Enzymes Give Plants UV Protection
Sunlight would kill plants, without enzyme "scissors" that undo
gene damage from ultraviolet (UV) rays. In fact, plants have several natural
gene menders tailored to the kind of damage done, according to findings of an
Agricultural Research Service scientist
working with a researcher at the University of California at Davis.
Ultraviolet damage to crops is rare. But knowing the repair mechanisms may
be important if UV radiation increases in the future as a result of thinning of
Earth's protective ozone layer.
The scientists used Arabidopsis, a common white-flowered plant with a
small number of genes, which allows for easy tracking of genetic differences.
DNA is a series of chemical bases--A-G-C-T (for adenine, guanine, cystosine,
and thiamine)--that form the alphabet of life. If they get damaged, the code is
illegible; too much unreadable code and the plant dies.
Plants may respond in several ways to gene damage.
"When your car breaks down, says ARS plant physiologist Edwin L.
Fiscus, "you can call someone who does general repairs. But other times, a
specialist may be able to perform a particular type of repair much more rapidly
"It's like that for plant cell damage," says Fiscus, who works in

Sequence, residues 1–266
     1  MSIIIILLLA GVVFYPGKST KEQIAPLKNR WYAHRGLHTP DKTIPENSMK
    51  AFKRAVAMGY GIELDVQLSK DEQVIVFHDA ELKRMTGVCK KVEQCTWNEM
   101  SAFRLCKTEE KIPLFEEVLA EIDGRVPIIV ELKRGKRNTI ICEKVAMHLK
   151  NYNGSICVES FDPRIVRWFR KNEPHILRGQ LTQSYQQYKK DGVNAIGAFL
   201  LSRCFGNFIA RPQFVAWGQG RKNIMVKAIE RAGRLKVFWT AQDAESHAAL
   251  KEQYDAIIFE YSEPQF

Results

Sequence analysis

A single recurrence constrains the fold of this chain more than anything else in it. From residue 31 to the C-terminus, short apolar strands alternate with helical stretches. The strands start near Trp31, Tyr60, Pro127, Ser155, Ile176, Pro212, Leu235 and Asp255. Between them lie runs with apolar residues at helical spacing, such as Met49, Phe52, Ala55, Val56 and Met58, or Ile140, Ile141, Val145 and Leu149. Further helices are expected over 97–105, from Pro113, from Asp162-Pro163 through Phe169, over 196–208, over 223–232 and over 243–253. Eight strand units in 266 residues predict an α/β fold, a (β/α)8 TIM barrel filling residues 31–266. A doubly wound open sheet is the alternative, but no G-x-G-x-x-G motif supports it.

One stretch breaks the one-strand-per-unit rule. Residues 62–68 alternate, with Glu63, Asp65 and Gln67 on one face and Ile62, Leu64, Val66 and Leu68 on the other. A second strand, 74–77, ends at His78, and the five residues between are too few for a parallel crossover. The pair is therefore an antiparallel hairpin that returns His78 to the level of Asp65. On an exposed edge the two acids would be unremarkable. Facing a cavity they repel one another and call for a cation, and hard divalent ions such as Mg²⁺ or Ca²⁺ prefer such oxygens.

the ARS Air Quality-Plant Growth and Development Research Unit. "To fix
damaged DNA, there are both general repair enzymes and at least two highly
Fiscus and geneticist Anne Britt at UC-Davis confirmed what others
suspected: that two specialized enzymes in plants are essential for UV repair.
They are both from a class of enzymes called photolyases.
The generalized repair enzyme system, says Britt, is probably designed for a
wide variety of relatively rare types of damage. It works by excising the
damaged bases, or sequences, and rebuilding them--a process that tends to be
slow and inefficient.
More common kinds of damage, such as when UV light causes Ts and Cs to
crosslink improperly to each other, are also repaired by specialized
photolyases, which eliminate this inappropriate bond between the bases.
Photolyase repair is specific, rapid, efficient, and--like excision
Another interesting thing about these enzymes, Britt says, is that they are
activated by light, so the very cause of the UV damage is also what triggers
The scientists proved photolyase enzymes are essential for plants' survival
in natural light by using special mutant plants developed by Britt that can't
produce the enzymes.
Fiscus, whose research station is on the campus of North Carolina State
University, devised special growth chambers that delivered precise doses of
various ratios of UV light and regular sunlight. The mutant plants were highly
sensitive to UV light, compared to normal plants.--By
Jill Lee, Agricultural Research
Service Information Staff.
Edwin L. Fiscus is in the
Quality-Plant Growth and Development Research Unit, 1509 Varsity Dr.,
Raleigh, NC 27606; phone (919) 515-3505, fax (919) 515-5044.
"Enzymes Give Plants UV Protection" was published in the
October 1998 issue of Agricultural Research magazine. Click here to see this
issue's table of contents.